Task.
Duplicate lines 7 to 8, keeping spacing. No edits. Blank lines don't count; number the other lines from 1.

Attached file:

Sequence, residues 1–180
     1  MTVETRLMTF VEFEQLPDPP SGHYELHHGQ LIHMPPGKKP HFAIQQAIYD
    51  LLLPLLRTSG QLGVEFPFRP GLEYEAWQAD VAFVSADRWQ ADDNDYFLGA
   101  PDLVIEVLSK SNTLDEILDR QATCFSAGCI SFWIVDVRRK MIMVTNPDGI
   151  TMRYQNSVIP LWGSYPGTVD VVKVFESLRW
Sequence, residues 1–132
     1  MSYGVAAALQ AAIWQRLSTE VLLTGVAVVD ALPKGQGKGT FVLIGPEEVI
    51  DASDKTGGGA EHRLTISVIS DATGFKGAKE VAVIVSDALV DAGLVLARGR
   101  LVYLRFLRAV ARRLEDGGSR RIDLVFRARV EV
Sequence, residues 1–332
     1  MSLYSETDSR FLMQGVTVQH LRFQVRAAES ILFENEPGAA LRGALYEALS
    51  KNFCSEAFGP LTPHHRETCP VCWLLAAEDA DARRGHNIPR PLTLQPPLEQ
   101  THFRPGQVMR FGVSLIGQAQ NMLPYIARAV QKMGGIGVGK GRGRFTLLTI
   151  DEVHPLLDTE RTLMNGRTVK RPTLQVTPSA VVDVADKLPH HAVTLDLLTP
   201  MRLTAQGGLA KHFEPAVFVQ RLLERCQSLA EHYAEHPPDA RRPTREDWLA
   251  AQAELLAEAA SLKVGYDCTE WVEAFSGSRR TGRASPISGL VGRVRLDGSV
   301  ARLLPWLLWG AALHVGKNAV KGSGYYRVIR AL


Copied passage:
     1  MSYGVAAALQ AAIWQRLSTE VLLTGVAVVD ALPKGQGKGT FVLIGPEEVI
    51  DASDKTGGGA EHRLTISVIS DATGFKGAKE VAVIVSDALV DAGLVLARGR